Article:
Some kind of WW3/resource war event happens. The majority of human beings (definately over 90%, so billions) are killed by a series of bioweapon diseases used by both sides or die in the ensuing collapse (starvation, breakdown of infrastructure and medical care, general chaos, suicide from despair). There may be a limited nuclear exchange that destroys major targets, but not on the level of making the entire planet a radioactive wasteland, and it is not what kills most human beings. Obviously, the global economy as we know it and virtually all government ceases to exist.
Most survivors live in pockets of countryside backwater enough to avoid the worst of the collapse. They typically live by small scale agriculture and craftsmanship (roughly around the level off the Amish, maybe a little less. My point is, they don't go all the way back down to caveman-level). Some of these communities were founded by survivalists/homesteaders who believed that the world as they knew it was heading towards some kind of collapse. Some of these communities attempt to integrate surviving refugees from modern society, others leave them to die.
The survivors of the setting, especially the refugees from the not-backwater regions of the world, have seen a level of death and destruction unprecedented in human history. Billions dead, cities full of corpses, the entire modern way of life gone. I was thinking about the psychological and cultural effects of this. Obviously, many people would be traumatized and there would be a peculiar stress of knowing that the world you once counted on is now gone. I had the idea that something like a mass psychogenic illness or a culture bound syndrome might develop where people hallucinate that they are seeing the dead, or hearing dead people talk to them (if you are a survivor, it can be taken for granted that almost everyone you have encountered- from old classmates and coworkers to people in the checkout line of the grocery store, are now dead). How plausible is this?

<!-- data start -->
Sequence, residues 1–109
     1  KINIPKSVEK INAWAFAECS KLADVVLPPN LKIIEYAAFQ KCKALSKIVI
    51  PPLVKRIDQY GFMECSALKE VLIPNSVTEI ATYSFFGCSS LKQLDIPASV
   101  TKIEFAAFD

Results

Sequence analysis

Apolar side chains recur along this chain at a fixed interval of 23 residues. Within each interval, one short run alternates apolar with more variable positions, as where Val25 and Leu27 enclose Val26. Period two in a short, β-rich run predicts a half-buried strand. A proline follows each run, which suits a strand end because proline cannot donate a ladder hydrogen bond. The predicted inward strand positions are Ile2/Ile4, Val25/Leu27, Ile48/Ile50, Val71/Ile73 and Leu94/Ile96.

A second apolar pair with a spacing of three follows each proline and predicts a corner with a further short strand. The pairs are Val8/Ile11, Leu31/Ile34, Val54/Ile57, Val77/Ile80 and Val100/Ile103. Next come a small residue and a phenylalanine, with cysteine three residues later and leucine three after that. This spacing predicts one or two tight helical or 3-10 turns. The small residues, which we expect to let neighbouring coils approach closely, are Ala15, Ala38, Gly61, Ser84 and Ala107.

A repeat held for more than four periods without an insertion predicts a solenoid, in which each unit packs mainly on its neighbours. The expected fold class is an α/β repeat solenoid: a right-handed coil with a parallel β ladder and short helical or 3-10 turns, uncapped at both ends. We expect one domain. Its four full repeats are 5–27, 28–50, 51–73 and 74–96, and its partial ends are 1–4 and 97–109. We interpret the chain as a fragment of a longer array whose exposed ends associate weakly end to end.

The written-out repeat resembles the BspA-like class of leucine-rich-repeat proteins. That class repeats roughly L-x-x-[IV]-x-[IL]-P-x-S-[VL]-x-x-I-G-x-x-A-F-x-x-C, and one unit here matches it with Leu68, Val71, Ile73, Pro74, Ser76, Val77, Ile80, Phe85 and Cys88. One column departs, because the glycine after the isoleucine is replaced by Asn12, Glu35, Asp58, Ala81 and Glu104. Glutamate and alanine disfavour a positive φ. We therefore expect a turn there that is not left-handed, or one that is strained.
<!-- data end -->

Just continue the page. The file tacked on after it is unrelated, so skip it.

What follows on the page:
This is my first question. I hope it was properly formatted and tagged.